The members of the Lower Chamber’s Judiciary Commission had decided that the sanctions enforceable by this Department should have been those stipulated in Government Ordinance no.137/2000, adopting an amendment filed by Liviu Dragnea himself. The sanctions varied from a fine of RON 1,000-30,000, if the discrimination targeted a physical person, to RON 2,000-100,000 if the discrimination targeted a group of persons or a community.”
Apart from the setting up of the department, the law was stipulating that public radio and television stations should broadcast programmes promoting tolerance, teachers should take courses on this topic and educational establishments should adopt “an annual plan for the implementation of actions on combating discrimination.”
County councils and the Bucharest Municipal General Council were tasked to annually draft a plan on respecting human rights, combating discrimination and promoting human dignity and tolerance toward group difference at the level of local public administration.
The draft does not concern public institutions alone. Thus, any employer with at least 50 employees should include in its statutes a set of rules concerning the respect for human rights.
Last week, the members of the Commission had modified the title of the law too, recalling it “law promoting human dignity and tolerance of group differences.”
PNL announced that it would vote against the draft law even if amended. The plenum will decide the draft law’s fate on Wednesday, the Lower Chamber being the decisional body.
UDMR President on defamation law: It’s possible for one to write such a draft if one has no other business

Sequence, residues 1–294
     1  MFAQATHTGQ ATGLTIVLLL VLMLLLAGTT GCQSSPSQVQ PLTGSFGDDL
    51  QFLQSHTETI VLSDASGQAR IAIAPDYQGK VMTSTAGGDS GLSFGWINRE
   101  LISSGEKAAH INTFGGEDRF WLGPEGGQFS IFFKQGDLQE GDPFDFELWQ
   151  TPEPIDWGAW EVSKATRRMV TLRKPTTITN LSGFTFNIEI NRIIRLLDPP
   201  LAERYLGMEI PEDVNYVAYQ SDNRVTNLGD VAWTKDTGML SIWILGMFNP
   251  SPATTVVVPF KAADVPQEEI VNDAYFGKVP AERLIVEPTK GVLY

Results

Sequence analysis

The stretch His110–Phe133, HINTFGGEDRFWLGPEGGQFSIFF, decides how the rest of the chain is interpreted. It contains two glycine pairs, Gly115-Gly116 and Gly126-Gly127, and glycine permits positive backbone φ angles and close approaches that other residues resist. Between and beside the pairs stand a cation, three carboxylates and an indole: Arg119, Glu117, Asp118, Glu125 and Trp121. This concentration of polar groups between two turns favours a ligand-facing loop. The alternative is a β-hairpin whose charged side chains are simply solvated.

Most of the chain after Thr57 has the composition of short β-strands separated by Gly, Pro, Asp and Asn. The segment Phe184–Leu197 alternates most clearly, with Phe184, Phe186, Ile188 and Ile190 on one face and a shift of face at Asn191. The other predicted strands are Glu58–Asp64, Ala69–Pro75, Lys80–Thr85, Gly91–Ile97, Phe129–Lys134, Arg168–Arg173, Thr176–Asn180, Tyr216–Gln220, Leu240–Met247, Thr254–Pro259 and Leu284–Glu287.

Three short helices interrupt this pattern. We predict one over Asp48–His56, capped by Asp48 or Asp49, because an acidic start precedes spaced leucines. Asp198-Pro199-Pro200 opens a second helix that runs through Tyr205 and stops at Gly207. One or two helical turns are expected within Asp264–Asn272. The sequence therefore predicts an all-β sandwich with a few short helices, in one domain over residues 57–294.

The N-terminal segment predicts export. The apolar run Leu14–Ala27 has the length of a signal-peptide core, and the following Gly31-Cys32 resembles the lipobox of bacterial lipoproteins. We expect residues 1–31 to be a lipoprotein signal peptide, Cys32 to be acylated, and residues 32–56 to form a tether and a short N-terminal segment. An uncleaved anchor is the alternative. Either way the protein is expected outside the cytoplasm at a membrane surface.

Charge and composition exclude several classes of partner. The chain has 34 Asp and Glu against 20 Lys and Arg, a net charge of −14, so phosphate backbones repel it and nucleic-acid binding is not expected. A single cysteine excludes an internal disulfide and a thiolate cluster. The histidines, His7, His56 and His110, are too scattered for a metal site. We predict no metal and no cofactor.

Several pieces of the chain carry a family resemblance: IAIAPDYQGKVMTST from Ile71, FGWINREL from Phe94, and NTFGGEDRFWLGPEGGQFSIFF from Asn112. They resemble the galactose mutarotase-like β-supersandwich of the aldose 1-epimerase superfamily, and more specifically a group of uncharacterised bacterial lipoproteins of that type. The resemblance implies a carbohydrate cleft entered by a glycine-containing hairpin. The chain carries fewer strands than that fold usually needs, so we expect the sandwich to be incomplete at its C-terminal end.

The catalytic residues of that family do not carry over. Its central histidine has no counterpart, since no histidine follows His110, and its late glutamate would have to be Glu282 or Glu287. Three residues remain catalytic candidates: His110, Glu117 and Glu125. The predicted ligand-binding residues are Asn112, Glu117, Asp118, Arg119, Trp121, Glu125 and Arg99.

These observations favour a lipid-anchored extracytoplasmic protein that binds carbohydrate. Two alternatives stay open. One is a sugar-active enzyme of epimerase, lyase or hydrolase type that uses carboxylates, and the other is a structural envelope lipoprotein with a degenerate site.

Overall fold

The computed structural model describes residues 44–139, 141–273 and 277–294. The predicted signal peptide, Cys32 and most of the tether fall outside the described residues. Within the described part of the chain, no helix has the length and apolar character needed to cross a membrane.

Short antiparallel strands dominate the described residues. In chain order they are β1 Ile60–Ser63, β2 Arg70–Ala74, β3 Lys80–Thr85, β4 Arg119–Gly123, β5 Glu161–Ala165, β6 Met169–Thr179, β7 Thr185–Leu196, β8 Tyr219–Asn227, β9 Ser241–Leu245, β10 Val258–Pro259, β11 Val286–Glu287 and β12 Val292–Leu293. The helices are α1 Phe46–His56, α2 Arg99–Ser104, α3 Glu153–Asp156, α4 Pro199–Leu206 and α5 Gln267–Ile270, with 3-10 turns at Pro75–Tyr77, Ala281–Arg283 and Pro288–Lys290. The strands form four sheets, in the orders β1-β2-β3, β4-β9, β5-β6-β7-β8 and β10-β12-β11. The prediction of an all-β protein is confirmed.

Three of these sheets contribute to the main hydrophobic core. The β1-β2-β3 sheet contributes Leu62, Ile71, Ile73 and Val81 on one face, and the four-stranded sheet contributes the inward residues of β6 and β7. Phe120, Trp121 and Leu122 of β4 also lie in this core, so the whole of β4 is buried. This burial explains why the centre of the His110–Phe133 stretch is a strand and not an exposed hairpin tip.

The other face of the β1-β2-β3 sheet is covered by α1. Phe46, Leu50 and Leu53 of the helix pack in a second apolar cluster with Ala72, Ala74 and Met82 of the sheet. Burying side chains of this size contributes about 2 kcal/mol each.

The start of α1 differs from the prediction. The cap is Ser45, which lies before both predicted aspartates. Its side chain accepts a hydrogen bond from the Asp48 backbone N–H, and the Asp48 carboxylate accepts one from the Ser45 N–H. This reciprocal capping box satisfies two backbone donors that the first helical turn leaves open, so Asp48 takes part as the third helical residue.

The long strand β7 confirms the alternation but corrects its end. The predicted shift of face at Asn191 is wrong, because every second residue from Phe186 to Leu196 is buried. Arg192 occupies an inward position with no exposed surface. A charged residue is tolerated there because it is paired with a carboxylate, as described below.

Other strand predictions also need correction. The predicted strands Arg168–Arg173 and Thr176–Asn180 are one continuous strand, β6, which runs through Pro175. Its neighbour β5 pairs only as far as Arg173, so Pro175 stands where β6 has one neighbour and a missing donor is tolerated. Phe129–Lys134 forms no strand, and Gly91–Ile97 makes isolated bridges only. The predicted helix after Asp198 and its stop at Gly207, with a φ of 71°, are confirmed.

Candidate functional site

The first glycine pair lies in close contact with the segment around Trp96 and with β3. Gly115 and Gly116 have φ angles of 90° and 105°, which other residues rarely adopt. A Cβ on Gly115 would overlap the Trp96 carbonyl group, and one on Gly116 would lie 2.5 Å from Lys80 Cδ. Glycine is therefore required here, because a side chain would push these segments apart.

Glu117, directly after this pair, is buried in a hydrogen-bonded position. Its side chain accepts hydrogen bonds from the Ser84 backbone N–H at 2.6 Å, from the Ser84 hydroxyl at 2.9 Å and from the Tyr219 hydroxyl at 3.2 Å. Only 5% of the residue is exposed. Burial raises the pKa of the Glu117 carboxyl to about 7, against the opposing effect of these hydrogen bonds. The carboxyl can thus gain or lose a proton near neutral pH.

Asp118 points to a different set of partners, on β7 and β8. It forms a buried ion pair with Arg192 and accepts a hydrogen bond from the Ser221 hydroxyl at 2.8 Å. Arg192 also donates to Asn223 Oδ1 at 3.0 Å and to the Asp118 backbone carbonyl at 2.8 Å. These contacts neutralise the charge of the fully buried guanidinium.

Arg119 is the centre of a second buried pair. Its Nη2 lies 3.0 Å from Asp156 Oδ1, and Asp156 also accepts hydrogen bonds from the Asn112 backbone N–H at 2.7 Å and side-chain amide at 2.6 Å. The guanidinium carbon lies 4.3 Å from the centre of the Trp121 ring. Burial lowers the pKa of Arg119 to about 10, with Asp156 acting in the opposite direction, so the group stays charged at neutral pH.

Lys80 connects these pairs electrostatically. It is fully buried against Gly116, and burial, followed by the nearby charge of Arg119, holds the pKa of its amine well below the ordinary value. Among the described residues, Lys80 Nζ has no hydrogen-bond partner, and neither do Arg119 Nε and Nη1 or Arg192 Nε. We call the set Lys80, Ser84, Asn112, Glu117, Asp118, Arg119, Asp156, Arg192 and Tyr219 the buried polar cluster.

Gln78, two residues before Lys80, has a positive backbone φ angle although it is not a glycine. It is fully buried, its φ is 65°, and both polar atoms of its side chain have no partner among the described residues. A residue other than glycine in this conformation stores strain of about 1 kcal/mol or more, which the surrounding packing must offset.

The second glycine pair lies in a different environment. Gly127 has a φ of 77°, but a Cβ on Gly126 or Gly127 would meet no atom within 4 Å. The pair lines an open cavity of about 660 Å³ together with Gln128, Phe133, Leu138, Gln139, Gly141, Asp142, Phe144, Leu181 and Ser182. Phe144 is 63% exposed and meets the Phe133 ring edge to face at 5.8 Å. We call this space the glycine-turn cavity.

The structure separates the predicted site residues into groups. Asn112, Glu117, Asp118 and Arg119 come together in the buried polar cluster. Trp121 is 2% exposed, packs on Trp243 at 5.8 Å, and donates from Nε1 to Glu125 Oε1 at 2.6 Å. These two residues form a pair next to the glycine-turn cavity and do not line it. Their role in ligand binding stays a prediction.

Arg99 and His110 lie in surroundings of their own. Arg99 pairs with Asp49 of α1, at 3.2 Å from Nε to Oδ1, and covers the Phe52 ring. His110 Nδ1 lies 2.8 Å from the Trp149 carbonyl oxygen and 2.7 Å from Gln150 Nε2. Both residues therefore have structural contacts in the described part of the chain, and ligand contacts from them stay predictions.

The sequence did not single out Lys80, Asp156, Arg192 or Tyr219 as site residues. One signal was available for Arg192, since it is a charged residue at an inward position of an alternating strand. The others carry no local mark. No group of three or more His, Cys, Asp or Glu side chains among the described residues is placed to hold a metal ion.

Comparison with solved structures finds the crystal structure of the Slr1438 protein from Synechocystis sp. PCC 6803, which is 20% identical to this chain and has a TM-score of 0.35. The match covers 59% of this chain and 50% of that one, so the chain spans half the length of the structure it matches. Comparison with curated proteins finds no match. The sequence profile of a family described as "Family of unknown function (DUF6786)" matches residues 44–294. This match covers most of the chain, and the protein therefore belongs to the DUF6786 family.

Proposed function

Democratic Union of Hungarians in Romania (UDMR) will vote against the defamation law or will abstain, depending on the Judiciary Commission’s report, and “will certainly not” vote in favour of the draft, UDMR President Kelemen Hunor stated on Monday evening.
“Some said this (the defamation law – editor’s note) could be to the benefit of the Hungarian community too, because we are permanently insulted on Facebook, online too, but not only there if you take a look at several private television shows. (…) The important thing is that this is a wrong approach, we will vote against it or will abstain, depending on the report, but we will certainly not vote in favour of this draft law,” the UDMR President stated on TVR.
He added that he cannot comment on the new form of the draft law before reading the Judiciary Commission’s report in order to see “what the nuances are,” however he clearly rejected the possibility that UDMR would support the draft, irrespective of its final form.
“With the educational part we can agree, but there is no need for such a law for this. Of course, it’s possible for one to write such a draft if one has no other business,” the UDMR President said.